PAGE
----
Several embodiments of the object of the invention are shown in the drawing by way of illustration and not of limitation.
FIGS. 1 and 2 are two front views of the first embodiment, showing the mask in its two positions respectively.
FIGS. 3 and 4 are views, similar to FIGS. 1 and 2, of a second embodiment.
FIG. 5 is a view similar to FIG. 1 of a third embodiment; FIGS. 6 and 7 are side views, the mask being in its two respective positions.
FIGS. 8 and 9 and 10 and 11 are views, similar to FIGS. 1 and 2, of two other embodiments.
The combination lock shown in FIGS. 1 and 2 makes it possible to lock an attache case of which there is shown the pivoting clasp 10 which bears the catch 11 on the inside and the stationary plate 12 having an opening 13 into which the catch 11 must be engaged in order to receive the bolt, not shown in the drawing.
The means for the opening and closing of this lock comprise three wheels 14 on the circumference of which there are printed the digits 0 to 9. Each wheel can be rotated by hand through a window 15 cut out in the plate 12.
The digits displayed in the window 15 form a given number by the angular positions of the wheels 14. For all numbers which can be formed, with the exception of a single one, the bolt of the lock is in working position, that is to say the attache case is locked if the catch 11 is in its turn engaged in the opening 13.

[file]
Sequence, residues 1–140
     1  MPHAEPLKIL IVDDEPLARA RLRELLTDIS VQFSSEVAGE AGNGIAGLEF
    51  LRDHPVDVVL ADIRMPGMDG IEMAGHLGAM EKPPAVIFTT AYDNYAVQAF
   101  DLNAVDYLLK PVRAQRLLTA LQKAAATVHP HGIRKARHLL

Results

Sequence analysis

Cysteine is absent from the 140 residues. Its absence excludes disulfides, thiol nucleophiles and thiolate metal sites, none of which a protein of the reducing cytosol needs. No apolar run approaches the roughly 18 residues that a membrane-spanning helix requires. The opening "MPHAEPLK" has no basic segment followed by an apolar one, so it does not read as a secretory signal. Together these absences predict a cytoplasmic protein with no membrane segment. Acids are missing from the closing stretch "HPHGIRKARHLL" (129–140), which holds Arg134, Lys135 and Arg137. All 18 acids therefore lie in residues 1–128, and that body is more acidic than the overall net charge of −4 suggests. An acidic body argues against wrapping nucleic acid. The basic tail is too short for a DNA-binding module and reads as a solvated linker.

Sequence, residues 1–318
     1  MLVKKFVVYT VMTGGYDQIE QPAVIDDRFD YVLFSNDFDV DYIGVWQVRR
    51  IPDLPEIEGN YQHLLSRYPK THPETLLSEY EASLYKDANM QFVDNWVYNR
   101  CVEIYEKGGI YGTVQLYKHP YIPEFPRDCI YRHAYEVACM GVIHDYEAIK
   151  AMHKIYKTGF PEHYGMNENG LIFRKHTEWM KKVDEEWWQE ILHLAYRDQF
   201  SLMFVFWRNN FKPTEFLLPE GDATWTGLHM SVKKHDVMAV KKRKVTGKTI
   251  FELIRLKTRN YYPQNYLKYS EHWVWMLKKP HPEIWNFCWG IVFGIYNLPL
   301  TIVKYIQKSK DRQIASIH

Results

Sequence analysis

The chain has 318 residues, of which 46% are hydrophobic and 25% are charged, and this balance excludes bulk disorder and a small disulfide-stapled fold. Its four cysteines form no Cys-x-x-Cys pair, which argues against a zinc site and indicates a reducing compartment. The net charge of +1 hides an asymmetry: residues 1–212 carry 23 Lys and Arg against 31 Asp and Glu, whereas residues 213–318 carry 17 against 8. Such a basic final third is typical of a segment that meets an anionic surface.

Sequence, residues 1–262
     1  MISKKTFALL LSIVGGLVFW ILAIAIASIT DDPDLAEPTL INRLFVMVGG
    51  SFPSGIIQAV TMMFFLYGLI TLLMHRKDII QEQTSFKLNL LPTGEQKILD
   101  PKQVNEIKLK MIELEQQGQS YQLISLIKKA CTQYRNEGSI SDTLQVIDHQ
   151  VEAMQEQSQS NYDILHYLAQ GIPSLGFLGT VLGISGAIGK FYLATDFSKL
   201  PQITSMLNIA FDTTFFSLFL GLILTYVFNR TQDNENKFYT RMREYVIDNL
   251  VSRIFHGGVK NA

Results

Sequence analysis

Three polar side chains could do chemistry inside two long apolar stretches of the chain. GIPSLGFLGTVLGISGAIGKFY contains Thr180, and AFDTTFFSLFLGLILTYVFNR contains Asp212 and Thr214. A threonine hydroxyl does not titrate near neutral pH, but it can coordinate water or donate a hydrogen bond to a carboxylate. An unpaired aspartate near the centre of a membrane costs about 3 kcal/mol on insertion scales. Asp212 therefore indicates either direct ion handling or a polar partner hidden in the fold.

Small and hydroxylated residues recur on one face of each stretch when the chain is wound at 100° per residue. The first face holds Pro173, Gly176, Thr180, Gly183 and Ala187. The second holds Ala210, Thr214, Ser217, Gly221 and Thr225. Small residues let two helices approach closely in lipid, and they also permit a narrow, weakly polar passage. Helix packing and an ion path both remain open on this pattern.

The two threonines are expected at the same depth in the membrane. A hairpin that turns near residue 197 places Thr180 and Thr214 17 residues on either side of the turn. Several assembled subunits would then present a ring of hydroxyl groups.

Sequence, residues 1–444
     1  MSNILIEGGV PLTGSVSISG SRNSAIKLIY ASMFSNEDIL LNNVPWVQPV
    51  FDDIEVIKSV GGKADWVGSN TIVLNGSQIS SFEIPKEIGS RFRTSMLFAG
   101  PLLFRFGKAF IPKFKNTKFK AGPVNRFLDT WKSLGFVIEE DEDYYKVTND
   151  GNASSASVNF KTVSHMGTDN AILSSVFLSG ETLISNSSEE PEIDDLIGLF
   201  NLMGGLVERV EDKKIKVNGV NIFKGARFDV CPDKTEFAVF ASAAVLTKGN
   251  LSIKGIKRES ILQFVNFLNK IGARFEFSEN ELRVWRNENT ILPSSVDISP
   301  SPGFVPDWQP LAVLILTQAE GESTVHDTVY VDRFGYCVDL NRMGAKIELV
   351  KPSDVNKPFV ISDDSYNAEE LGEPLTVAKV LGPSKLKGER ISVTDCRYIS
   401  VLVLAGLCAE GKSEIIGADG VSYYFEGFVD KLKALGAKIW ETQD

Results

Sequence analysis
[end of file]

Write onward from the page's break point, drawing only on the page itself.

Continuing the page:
On the other hand, when the number displayed in the window corresponds to a number which is known in principle only to the owner of the attache case, herein referred to as the combination number the bolt is disengaged and the lock opened.
The lock also comprises a mask 16 mounted on the plate 12 in such a manner that it can pivot in its plane around a pin 17 between a first position (FIG. 1) in which the wheels 14 are inaccessible and the figures present in the window 15 concealed, and a second position (FIG. 2) in which these digits are visible and the wheels 14 accessible, which makes it possible to turn them and thus to dial the combination number or effect a scrambling operation.
A return spring, not shown, automatically returns the mask 16 into its initial position when it is released. Under these conditions, the combination number is visible only during the very short period of time which elapses between the moment when said number is dialed and the moment when the mask, after having been held in its second position in order to carry out this operation, is released and resumes its initial position or, conversely, upon the closing. There is therefore very little danger of this number being seen and remembered by a third party.
In the second embodiment (FIGS. 3 and 4) the mask 16 slides in a slideway 18 between the two positions shown against the action of a return spring, in the direction of movement during which the digits present in the window 16 are unmasked and with the assistance of this spring in the opposite direction.
In the third embodiment shown (FIGS. 5, 6 and 7) the mask 16 pivots around a horizontal axis 19 between the two positions illustrated in FIGS. 6 and 7 again preferably with and against the action of a return spring respectively.
In the fourth embodiment (FIGS. 8 and 9) the mask 16 is similar to the mask of the third embodiment but it also covers in part the pivoting portion 10 of the clasp when it occupies the position in which the window 15 is covered.
In this case the mask 16 plays an additional role, namely as protection of the part 10 and as lock safety.
In the fifth embodiment (FIGS. 10 and 11) the lock has a push button 20 which is depressed when the combination number has been dialed so as to open it. The mask 16, which also slides as in the fourth embodiment, covers this button when the digits located in the window 15 are uncovered, and vice versa.